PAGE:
Nate Wolters is a name you already know if you follow college basketball in the five state area. He is far from a household name. If South Dakota State can make the NCAA tournament before he graduates, he’ll have Gus Johnson screaming his name. He is one of the rare players that can take over a game and lead his team to win, regardless of how bad his team is and how good the opponent is. He is Ben Woodside good. He could eventually be Stephen Curry good. Statistically, he already is.
Last season Wolters came out of nowhere to over 19 points, six assists, and four rebounds per game. At 6’4” he has good size for a point guard, and his 40% three-point shooting means he needs to be guarded anywhere on the floor. Wolters has had several transcendent performances over the last two plus years in Brookings. He scored 25 points in a win at Iowa last season, exploded for 36 in an overtime loss to North Dakota State, and broke the 30 point barrier three more times last season. In the Jackrabbits’ first game of this season, he scored 32 points and had 11 assists with nary a turnover. The kid can play. There are simply too many good basketball players these days, and once in a while a great player can fall through the cracks. With what the college basketball world knows about him now, if he was being recruited now, he could play for any number of BCS level programs.
Unfortunately for players like Wolters, basketball is a team game. While a few players can fall through the cracks, entire teams don’t. While he has been dominant, the Jackrabbits have not. They finished last season with a 19-12 record which was aided by two wins over Division II teams and two wins over Centenary, which is now a Division III team. They went only 10-8 in the Summit League despite having the best guard in the conference. Last season was the first time they won more than 14 games in a season.
That isn’t to say they can’t score, because they definitely can. They averaged 82 points per game and as a team shot 41% from the three-point line and almost 50% from two-point territory despite not having much of a post presence. The only problem is that the only thing that eclipsed their scoring success was their defensive mediocrity, including giving up a combined 312 points in three losses to Oakland. In that last loss, Oakland scored 110 points on better than 57% percent shooting from the field and from behind the three-point line.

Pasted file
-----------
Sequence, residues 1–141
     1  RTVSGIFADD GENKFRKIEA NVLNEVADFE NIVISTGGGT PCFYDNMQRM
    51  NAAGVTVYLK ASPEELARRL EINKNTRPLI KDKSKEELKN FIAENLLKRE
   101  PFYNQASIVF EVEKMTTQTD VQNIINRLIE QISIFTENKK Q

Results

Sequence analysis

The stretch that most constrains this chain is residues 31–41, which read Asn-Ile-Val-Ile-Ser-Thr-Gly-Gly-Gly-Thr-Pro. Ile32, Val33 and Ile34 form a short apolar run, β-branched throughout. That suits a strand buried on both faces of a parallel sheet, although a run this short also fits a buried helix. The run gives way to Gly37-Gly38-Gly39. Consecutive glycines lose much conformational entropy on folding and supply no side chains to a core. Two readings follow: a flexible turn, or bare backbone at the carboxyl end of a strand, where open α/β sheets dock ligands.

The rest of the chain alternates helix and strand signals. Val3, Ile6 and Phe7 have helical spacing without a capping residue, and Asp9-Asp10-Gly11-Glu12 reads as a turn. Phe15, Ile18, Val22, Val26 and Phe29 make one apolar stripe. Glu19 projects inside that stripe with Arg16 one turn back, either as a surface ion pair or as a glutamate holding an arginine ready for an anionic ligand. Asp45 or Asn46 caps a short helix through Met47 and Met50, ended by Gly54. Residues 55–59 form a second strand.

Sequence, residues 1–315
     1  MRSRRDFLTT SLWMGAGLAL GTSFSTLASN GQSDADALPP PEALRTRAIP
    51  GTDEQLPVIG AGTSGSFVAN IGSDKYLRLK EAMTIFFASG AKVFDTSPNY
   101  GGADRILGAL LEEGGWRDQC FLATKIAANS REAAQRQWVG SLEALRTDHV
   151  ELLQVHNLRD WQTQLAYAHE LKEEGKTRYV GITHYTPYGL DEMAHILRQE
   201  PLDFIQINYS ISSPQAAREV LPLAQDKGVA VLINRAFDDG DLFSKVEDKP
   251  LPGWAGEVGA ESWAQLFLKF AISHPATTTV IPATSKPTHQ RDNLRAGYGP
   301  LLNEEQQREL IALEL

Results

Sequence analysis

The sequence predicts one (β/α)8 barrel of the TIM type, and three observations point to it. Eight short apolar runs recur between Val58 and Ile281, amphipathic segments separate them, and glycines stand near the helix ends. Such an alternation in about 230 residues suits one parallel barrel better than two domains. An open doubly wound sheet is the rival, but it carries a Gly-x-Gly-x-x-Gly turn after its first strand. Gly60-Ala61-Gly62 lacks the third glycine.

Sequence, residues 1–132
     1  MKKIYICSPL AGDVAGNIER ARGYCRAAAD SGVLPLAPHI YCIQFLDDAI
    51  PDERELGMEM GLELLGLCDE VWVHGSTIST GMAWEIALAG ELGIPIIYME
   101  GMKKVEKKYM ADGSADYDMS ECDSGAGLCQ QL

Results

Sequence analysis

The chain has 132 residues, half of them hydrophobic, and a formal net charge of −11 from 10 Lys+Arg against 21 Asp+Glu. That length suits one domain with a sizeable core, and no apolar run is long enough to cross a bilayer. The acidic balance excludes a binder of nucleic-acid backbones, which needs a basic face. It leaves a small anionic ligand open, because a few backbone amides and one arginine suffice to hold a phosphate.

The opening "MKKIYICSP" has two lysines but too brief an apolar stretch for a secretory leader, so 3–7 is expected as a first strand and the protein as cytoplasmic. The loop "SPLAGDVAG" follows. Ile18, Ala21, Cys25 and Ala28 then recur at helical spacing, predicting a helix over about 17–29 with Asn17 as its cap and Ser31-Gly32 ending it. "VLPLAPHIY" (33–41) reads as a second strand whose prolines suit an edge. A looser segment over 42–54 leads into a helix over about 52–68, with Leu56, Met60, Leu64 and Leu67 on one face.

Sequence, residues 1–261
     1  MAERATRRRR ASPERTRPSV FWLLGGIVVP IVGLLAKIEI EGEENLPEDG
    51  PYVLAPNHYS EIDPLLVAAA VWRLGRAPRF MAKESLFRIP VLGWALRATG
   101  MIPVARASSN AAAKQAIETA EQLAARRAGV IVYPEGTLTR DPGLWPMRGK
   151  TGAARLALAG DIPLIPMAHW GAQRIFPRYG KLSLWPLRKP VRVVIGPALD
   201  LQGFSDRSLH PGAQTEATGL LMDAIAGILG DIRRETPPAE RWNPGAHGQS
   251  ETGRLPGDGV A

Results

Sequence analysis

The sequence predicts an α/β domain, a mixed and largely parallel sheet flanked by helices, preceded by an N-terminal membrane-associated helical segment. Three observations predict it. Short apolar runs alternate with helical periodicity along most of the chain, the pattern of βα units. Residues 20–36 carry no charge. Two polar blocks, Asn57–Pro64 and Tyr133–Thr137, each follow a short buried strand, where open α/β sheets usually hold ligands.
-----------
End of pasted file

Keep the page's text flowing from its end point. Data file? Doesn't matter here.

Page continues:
South Dakota State won its only game this season at home against Western Michigan, but it didn’t do much to quell the defensive worries, especially on the interior. Matt Stainbrook, Western Michigan’s 6’9” center who you’ll never hear of again scored 32 points on 14-16 shooting. He averaged less than nine points per game last season, and his previous career high was 18 points. If some no name from a mediocre MAC school can easily drop 30 points on SDSU, what can Trevor Mbakwe and Ralph Sampson III do.
In what will be a recurring theme if it’s not already, low to mid-major teams rarely have the size to compete with the literal big boys. SDSU has only one player 6’8” or taller with Division I experience. This will be a huge liability on the defensive end, but as we saw against Bemidji State, it can be an advantage too. Minnesota’s interior players aren’t accustomed to defending perimeter oriented players, and Jordan Dyksta, a 6’8” forward made 51.5% of his three-point attempts last season. He’ll be their biggest player on the floor. He’ll be joined by Griffan Callahan, a 6’4” senior guard who can knock down the three. Tony Fiegan scored 16 points in the season opening win, and at 6’7” is an undersized true-post player. Chad White, a 6’6” junior rounds out their probable starters.
If South Dakota State can knock down their threes and defend the interior, the Gophers could have a challenge on their hands, but if they have an off-night, it could get ugly. Unfortunately, the winner won’t have a chance to play the winner of Northern Iowa and Marquette.